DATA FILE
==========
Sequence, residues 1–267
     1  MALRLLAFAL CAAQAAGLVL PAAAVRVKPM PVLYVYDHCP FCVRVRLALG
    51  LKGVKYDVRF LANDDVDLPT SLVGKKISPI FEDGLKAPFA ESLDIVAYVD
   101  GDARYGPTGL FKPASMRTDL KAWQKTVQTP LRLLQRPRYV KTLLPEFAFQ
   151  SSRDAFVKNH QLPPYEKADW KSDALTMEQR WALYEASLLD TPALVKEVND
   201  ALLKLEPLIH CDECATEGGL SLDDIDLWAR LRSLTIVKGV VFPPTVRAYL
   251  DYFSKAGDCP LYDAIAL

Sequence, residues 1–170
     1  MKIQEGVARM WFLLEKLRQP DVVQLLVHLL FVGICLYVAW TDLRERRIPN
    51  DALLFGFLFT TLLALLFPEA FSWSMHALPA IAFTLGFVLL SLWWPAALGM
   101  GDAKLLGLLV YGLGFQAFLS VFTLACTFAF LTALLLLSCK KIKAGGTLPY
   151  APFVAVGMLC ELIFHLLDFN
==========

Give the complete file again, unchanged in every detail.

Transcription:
Sequence, residues 1–267
     1  MALRLLAFAL CAAQAAGLVL PAAAVRVKPM PVLYVYDHCP FCVRVRLALG
    51  LKGVKYDVRF LANDDVDLPT SLVGKKISPI FEDGLKAPFA ESLDIVAYVD
   101  GDARYGPTGL FKPASMRTDL KAWQKTVQTP LRLLQRPRYV KTLLPEFAFQ
   151  SSRDAFVKNH QLPPYEKADW KSDALTMEQR WALYEASLLD TPALVKEVND
   201  ALLKLEPLIH CDECATEGGL SLDDIDLWAR LRSLTIVKGV VFPPTVRAYL
   251  DYFSKAGDCP LYDAIAL

Sequence, residues 1–170
     1  MKIQEGVARM WFLLEKLRQP DVVQLLVHLL FVGICLYVAW TDLRERRIPN
    51  DALLFGFLFT TLLALLFPEA FSWSMHALPA IAFTLGFVLL SLWWPAALGM
   101  GDAKLLGLLV YGLGFQAFLS VFTLACTFAF LTALLLLSCK KIKAGGTLPY
   151  APFVAVGMLC ELIFHLLDFN